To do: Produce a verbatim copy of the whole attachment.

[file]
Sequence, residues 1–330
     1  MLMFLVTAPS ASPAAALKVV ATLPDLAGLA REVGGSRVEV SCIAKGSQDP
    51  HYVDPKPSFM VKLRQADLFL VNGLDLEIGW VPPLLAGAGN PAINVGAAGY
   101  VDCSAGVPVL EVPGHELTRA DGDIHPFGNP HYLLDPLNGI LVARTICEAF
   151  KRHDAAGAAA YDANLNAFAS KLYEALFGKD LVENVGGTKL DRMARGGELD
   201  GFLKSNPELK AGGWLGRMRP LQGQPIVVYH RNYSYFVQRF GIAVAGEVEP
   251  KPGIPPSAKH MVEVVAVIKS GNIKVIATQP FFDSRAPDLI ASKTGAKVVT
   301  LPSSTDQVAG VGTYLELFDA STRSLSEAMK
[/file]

Sequence, residues 1–330
     1  MLMFLVTAPS ASPAAALKVV ATLPDLAGLA REVGGSRVEV SCIAKGSQDP
    51  HYVDPKPSFM VKLRQADLFL VNGLDLEIGW VPPLLAGAGN PAINVGAAGY
   101  VDCSAGVPVL EVPGHELTRA DGDIHPFGNP HYLLDPLNGI LVARTICEAF
   151  KRHDAAGAAA YDANLNAFAS KLYEALFGKD LVENVGGTKL DRMARGGELD
   201  GFLKSNPELK AGGWLGRMRP LQGQPIVVYH RNYSYFVQRF GIAVAGEVEP
   251  KPGIPPSAKH MVEVVAVIKS GNIKVIATQP FFDSRAPDLI ASKTGAKVVT
   301  LPSSTDQVAG VGTYLELFDA STRSLSEAMK